22. Honor Cords

23. The Day the White House Comes to Town

24. Labor Fest 2010

25. Project 16:49

26. Figuring It Out

27. Bags of Hope

Part Four

28. The Ambassador of Optimism

29. The Opposite of a Jailer

30. This Is What Democracy Looks Like

31. On Janesville Time

32. Pride and Fear

33. Labor Fest 2011

34. Discovering the Closet

35. After the Overnight Shift

36. Late Night at Woodman’s

Part Five

37. SHINE

38. Janesville Gypsies

39. A Charity Gap

40. Gypsy Kids

41. Recall

42. A Rough Summer

43. The Candidate

44. Labor Fest 2012

45. Pill Bottles

46. Circle of Women

47. First Vote

48. HealthNet

49. Out of a Job Again

Part Six

50. Two Janesvilles

51. Night Drive

52. The Ebb and Flow of Work

53. Project 16:49

54. Glass More than Half Full

55. Graduation Weekend

Epilogue

Acknowledgments

Appendix 1—Explanation and Results of the Survey of Rock County

Appendix 2—Explanation and Results of the Job-Retraining Analysis

About the Author

Notes and Sources

Index

For Cynthia and Robert Goldstein, who taught me to love—and look up—words and have never stopped trying to improve their community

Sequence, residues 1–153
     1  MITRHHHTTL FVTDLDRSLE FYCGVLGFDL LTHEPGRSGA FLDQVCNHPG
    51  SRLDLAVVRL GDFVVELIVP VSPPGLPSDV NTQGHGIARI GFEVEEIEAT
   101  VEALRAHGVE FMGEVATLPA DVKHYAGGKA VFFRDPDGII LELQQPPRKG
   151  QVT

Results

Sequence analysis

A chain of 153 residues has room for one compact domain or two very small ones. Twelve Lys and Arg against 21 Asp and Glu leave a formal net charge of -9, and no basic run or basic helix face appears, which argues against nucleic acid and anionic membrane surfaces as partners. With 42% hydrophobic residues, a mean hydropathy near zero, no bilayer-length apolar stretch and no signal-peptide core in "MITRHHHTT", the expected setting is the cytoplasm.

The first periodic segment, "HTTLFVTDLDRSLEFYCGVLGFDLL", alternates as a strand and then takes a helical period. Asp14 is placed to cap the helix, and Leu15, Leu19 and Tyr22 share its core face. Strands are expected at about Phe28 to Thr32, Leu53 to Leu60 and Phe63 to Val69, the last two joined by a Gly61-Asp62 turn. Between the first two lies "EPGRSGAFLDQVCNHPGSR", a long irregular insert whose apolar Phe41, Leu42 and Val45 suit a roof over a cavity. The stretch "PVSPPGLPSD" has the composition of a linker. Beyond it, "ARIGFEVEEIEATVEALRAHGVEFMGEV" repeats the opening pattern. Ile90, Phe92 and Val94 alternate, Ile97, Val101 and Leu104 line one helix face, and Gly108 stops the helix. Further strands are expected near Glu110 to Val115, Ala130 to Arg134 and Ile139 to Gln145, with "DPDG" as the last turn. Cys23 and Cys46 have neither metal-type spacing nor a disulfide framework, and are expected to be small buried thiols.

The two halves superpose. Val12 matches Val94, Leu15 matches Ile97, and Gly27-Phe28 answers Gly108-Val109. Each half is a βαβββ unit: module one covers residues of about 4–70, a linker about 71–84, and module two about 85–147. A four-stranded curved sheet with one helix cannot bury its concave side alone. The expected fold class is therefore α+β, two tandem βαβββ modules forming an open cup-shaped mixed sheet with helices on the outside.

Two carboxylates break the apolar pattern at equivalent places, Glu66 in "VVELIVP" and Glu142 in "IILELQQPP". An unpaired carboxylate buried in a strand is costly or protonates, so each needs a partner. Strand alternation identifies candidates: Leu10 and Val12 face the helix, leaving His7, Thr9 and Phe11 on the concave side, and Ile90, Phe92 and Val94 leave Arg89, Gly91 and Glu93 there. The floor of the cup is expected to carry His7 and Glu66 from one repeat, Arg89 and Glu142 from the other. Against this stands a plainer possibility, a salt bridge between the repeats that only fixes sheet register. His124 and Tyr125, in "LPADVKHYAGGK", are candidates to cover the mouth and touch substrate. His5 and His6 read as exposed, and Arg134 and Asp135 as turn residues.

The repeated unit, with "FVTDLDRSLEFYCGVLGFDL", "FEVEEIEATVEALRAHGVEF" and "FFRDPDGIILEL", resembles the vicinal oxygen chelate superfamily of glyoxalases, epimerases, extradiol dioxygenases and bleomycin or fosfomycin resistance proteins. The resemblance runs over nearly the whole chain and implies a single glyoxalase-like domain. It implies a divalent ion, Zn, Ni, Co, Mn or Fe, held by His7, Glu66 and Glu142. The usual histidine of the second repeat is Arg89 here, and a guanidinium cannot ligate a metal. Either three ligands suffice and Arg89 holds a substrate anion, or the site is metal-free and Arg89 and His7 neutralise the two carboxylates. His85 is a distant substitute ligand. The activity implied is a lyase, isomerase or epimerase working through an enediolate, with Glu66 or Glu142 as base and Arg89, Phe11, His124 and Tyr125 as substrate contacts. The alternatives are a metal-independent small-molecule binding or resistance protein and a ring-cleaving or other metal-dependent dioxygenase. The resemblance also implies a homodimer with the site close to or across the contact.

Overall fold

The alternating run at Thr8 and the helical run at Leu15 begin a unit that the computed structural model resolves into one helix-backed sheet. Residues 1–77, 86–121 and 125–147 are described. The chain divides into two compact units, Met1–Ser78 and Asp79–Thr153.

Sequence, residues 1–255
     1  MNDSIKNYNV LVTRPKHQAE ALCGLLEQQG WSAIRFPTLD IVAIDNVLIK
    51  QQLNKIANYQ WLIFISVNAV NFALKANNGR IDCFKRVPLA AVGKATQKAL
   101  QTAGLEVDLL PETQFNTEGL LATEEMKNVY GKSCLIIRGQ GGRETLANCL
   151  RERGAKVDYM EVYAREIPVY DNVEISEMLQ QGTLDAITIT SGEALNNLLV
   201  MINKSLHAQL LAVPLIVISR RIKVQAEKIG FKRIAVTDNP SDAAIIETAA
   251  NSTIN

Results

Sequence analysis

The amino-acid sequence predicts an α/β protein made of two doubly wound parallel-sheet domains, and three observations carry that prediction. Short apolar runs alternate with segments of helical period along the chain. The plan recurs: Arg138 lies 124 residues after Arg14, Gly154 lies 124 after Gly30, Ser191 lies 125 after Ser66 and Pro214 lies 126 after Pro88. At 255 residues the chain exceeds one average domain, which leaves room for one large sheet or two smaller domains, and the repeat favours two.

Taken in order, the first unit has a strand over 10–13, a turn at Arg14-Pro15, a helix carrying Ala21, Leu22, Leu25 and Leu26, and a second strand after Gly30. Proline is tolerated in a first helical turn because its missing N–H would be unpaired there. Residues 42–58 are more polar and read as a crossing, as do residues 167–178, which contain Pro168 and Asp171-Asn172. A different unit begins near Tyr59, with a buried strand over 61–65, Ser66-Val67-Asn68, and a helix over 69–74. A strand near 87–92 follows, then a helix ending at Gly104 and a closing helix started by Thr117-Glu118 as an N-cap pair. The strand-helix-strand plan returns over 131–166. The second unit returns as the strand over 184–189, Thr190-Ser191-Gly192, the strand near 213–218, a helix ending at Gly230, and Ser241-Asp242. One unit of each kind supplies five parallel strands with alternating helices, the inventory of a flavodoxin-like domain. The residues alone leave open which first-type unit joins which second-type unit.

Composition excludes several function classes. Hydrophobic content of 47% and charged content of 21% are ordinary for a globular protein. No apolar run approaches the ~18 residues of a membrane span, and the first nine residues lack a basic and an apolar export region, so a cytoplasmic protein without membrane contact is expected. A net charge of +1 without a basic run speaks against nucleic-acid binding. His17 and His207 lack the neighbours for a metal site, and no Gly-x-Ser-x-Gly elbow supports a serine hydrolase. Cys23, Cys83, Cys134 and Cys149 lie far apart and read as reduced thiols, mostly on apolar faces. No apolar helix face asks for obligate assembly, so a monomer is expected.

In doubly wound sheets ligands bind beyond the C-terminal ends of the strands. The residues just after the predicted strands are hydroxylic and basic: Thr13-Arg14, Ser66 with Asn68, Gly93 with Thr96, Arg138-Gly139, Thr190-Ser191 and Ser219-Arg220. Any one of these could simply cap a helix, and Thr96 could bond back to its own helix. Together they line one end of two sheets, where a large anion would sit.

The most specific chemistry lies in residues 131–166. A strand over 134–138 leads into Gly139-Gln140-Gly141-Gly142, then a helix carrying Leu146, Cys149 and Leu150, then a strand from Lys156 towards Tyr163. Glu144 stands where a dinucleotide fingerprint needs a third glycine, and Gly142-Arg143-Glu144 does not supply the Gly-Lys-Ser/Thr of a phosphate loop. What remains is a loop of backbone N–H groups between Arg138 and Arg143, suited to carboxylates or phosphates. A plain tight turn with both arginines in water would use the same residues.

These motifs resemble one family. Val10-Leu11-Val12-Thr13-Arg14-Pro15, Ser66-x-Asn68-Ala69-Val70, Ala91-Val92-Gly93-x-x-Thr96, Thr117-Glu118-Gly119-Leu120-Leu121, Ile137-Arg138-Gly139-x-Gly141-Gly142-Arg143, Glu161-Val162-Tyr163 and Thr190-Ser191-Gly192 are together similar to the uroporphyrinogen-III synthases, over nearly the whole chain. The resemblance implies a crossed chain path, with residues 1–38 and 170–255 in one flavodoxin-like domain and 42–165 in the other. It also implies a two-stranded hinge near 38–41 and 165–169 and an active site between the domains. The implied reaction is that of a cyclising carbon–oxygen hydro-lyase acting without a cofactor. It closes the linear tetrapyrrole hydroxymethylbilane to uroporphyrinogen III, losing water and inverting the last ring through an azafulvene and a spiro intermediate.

Cast of Characters

The Autoworkers and Their Families

Kristi Beyer – 13-year worker at Lear Corp., a factory that makes seats for General Motors

The Vaughns

Mike – 18-year worker at Lear Corp.; shop chairman for United Auto Workers Local 95

Barb – 15-year worker at Lear Corp.

Dave – General Motors retiree after 35 years at the Janesville Assembly Plant; vice president of UAW Local 95

The Whiteakers

Jerad – 13-year worker at the assembly plant

Tammy – part-time data-entry worker for Home Entry Services

The twins, Alyssa and Kayzia

The younger brother, Noah

The Wopats

Marv – General Motors retiree after 40 years at the assembly plant; former UAW-GM Employee Assistance Program representative; member of the Rock County Board of Supervisors